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Article |

Generalized Social Phobia:  Reliability and Validity

Salvatore Mannuzza, PhD; Franklin R. Schneier, MD; Tim F. Chapman, PhD; Michael R. Liebowitz, MD; Donald F. Klein, MD; Abby J. Fyer, MD
Arch Gen Psychiatry. 1995;52(3):230-237. doi:10.1001/archpsyc.1995.03950150062011.
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Objective:  To investigate the reliability and validity of DSM-III-R "generalized" social phobia by examining interrater agreement and comparing patients with generalized and "nongeneralized" social phobia on demographic characteristics, clinical variables, and familial social phobia.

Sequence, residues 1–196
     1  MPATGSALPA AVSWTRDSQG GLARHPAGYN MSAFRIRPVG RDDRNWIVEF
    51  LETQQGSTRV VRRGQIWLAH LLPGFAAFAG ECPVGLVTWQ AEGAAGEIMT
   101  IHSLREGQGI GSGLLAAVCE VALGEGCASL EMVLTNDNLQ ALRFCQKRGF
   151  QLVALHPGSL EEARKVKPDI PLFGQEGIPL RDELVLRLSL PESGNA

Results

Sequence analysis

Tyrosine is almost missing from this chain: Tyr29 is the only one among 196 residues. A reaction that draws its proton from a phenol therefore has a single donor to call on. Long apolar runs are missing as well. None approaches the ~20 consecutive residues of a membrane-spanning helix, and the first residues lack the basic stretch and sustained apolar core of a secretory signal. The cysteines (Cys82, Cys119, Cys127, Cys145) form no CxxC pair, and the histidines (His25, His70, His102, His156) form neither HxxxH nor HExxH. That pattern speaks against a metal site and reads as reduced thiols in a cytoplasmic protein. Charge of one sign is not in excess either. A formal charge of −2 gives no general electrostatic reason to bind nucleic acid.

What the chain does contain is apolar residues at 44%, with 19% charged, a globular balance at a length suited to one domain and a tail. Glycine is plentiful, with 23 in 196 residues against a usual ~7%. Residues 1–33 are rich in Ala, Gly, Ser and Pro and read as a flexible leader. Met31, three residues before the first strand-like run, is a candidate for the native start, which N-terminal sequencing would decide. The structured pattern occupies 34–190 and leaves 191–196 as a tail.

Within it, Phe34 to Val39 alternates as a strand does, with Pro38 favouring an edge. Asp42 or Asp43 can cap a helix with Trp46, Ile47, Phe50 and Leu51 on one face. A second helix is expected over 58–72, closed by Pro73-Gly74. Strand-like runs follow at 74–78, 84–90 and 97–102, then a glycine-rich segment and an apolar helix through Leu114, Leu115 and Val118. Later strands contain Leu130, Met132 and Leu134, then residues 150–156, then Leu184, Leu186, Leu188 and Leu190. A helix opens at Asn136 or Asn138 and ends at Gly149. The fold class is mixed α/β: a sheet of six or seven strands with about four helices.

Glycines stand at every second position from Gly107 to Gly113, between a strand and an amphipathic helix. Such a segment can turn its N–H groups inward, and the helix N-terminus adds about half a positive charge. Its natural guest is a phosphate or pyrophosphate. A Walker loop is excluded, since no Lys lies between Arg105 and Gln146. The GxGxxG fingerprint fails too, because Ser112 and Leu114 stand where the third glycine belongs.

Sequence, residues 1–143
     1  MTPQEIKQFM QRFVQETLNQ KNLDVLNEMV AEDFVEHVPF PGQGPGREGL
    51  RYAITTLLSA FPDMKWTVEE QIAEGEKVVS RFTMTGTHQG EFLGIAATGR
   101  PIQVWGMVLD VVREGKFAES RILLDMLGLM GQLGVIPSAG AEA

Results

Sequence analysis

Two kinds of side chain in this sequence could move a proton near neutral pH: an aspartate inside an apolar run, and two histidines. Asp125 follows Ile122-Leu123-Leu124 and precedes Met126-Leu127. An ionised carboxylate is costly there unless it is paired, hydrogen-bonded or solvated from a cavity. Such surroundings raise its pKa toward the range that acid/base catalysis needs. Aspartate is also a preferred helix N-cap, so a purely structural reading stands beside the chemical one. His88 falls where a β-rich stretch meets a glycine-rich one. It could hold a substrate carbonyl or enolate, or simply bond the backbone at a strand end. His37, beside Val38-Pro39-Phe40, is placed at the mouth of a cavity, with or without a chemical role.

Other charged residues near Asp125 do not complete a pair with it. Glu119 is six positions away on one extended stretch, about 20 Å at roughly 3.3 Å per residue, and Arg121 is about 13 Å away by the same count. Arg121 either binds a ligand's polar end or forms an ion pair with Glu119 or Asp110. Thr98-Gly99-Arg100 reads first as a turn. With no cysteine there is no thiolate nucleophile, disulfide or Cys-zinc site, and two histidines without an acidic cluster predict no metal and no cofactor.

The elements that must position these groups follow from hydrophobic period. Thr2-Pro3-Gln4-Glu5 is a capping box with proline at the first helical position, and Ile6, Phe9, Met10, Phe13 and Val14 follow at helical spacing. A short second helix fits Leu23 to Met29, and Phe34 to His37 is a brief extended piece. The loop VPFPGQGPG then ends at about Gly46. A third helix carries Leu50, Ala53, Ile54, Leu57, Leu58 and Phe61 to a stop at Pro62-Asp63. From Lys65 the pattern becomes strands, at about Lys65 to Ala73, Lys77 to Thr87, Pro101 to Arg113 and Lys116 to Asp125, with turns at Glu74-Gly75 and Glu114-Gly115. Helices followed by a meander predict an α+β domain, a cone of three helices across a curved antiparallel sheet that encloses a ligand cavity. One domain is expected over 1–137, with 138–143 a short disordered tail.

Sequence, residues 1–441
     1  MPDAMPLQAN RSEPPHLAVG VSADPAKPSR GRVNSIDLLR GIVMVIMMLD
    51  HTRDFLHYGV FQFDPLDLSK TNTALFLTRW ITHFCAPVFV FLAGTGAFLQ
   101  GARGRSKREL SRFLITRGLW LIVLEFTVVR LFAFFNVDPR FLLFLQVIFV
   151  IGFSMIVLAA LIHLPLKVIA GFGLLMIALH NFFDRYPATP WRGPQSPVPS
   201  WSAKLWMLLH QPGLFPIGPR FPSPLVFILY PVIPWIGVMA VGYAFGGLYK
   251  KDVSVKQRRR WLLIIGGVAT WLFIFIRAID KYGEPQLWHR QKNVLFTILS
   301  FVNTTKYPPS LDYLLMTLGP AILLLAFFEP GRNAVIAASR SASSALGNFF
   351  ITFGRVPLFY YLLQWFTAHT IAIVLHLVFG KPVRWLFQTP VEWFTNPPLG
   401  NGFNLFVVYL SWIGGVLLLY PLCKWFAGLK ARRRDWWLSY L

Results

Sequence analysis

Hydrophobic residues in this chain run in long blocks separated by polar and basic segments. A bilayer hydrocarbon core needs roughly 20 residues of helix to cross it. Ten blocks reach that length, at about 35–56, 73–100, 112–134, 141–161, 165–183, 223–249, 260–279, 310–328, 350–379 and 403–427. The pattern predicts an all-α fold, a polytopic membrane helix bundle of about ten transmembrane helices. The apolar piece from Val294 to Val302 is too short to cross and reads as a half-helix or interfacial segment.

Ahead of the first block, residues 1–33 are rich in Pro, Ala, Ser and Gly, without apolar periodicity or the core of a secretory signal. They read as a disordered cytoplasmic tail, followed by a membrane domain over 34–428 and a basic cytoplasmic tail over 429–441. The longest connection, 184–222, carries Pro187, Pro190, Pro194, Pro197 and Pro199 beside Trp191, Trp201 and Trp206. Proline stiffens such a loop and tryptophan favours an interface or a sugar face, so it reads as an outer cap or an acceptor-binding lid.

Design:  Two senior clinicians classified 129 patients attending an anxiety clinic as having DSM-III-R social phobia that is generalized (fears most social situations) or nongeneralized (less than most) based on independent narrative review.

Results:  Good reliability was achieved (k=0.69). Patients with generalized social phobia were more often single, had earlier onsets of social phobia, had more interactional fears, and had higher rates of atypical depression and alcoholism. Familial social phobia was more common among patients with generalized social phobia than patients with nongeneralized social phobia and controls, with no difference between the latter two groups.

Conclusions:  Generalized social phobia (1) can be distinguished reliably from nongeneralized social phobia, (2) is a valid subtype, and (3) may characterize a familial form of the disorder.

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